Because I’ve been giving book one of my series a little extra polish, I’ve had some time to reflect on the virtues of waiting to publish the first book in the series until after you’re written the last book. To be honest, this would have been a lot harder to do if I’d had in mind to publish them when I first started writing. But in truth, when I created my series, I had no intention of doing that. I just started it as a challenge to myself to see if I could actually sit down and write a book. I was half way through book three when I sat up and said “Hey, these are really good. I should be publishing these!”
And so an Indie Author was born …
Now onto the virtues of patience.
This week while rereading and polishing book one in my series, I came across a little something I added in AFTER I WROTE BOOK FIVE! Yes, four books later, I went back and inserted this scene into book one as foreshadowing. I actually wrote all five books, then went back and re-edited them and after I finished the edits published them one at a time. This requires a lot of patience, but in the long run, it’s totally worth it. When in book five I finally revealed so much of the mysteries that had persisted throughout the first four books, going back to book one gave me the opportunity to reinvigorate that first book with a few interesting tidbits that a reader wouldn’t really understand the full meaning of until the finished reading five and then went back to reread the series from book one.
In book five, one character describes how in reaction to something the protagonist did in book one, he leaves the house, goes out back and makes a phone call. It’s a Very Important phone call, game changing really. My protagonist, Emily, is shocked by this revelation! Well, when I went back and re-edited book one, I was able to write in how Emily sees him standing outside arguing on the phone but has no idea who he’s talking to or about what. If only she knew ….. It’s what you’d call a toss away phrase that in and of itself is meaningless in the grand scheme of book one, but I designed the books to be like peeling away the layers of an onion. Once you read book two, you should go back and reread book one because you’ll understand more. After reading five, you can go back to one and be like …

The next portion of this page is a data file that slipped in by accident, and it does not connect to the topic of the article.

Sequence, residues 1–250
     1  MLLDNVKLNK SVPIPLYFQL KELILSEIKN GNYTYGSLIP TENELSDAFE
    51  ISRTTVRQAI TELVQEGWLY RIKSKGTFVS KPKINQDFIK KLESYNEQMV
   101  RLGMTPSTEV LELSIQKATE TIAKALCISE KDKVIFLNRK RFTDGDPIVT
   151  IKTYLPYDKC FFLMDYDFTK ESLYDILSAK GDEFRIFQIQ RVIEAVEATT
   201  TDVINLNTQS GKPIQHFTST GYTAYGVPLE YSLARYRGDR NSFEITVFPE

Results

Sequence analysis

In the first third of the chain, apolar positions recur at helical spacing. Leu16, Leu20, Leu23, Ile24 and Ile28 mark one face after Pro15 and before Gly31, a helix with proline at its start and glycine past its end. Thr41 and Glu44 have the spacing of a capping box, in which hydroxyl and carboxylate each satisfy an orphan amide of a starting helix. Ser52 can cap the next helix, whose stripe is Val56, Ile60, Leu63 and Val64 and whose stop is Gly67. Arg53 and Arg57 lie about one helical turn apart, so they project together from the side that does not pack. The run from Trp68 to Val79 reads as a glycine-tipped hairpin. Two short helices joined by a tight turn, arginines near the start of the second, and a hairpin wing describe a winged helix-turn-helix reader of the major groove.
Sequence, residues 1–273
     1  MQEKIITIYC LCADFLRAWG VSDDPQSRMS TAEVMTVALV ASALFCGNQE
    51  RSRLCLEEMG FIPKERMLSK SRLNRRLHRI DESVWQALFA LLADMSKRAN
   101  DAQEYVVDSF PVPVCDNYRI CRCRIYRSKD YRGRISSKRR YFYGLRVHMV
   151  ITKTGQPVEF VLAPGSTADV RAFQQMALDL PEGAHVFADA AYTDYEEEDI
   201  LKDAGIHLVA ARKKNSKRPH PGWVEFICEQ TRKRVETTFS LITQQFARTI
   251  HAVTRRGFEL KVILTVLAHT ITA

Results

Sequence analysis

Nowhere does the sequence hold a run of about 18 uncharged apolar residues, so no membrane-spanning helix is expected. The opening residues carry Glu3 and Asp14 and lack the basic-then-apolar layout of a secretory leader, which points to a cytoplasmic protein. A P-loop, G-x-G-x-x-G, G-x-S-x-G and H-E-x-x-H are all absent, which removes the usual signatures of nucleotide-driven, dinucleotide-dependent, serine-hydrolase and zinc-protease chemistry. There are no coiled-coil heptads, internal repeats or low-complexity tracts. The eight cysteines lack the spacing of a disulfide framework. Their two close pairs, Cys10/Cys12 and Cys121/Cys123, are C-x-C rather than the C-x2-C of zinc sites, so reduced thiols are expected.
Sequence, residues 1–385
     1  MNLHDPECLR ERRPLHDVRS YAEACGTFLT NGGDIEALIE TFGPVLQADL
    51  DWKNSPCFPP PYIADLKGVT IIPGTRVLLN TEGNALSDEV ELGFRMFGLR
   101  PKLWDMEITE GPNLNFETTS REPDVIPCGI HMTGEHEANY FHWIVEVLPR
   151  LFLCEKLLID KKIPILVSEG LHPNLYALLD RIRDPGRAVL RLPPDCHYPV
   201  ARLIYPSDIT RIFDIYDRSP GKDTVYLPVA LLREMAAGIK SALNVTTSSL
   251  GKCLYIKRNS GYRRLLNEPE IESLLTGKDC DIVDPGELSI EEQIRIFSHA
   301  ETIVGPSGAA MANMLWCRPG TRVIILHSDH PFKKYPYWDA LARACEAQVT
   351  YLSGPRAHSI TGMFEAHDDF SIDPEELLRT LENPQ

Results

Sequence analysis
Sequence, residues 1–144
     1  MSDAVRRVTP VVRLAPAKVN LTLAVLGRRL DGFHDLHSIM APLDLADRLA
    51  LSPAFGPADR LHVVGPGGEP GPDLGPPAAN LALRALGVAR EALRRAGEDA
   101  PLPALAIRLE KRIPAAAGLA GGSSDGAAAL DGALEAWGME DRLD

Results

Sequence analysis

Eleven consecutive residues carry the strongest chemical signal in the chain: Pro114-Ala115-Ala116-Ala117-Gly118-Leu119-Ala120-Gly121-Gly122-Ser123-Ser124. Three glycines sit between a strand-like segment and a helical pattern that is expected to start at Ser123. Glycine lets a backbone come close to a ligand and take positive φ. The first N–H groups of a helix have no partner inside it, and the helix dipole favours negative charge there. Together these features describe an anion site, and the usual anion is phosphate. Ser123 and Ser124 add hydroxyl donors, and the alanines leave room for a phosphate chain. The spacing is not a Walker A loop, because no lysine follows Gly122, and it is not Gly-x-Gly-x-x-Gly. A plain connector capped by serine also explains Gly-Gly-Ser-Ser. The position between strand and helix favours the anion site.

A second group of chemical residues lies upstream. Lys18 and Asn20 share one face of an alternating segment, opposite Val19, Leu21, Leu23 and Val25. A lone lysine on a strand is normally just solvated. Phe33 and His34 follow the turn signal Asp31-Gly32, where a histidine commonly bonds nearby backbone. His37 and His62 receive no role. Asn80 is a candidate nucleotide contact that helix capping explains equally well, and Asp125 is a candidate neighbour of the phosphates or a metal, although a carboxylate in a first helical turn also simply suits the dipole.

“No way! That’s who he was calling?!?!?”
There’s another insertion into book one. In a lecture Emily is in, her first class at college, her Art History professor shows a few slides of paintings. The paintings are actually pictures that foreshadow things that happen in book five. A woman in a champagne colored gown in the woods, a white sailboat with billowing sails on a blue-green sea. It’s very subtle, but I’m a big fan of subtlety.
Again, most books that are part of a series are written one and published one at a time, but if you really want to have the intricate web of threads weaving them all together like I do, I’m not sure if you can do the one and publish, two and publish way of things. In the end, I’m thankful I decided to wait and hold off hitting the publish button. So much of the artistry of my novels would have been lost if I had.
So what do you think?
Would you be willing to write close to a million words and five novels before you published the first one. And yes, all five books together are just shy of one million words.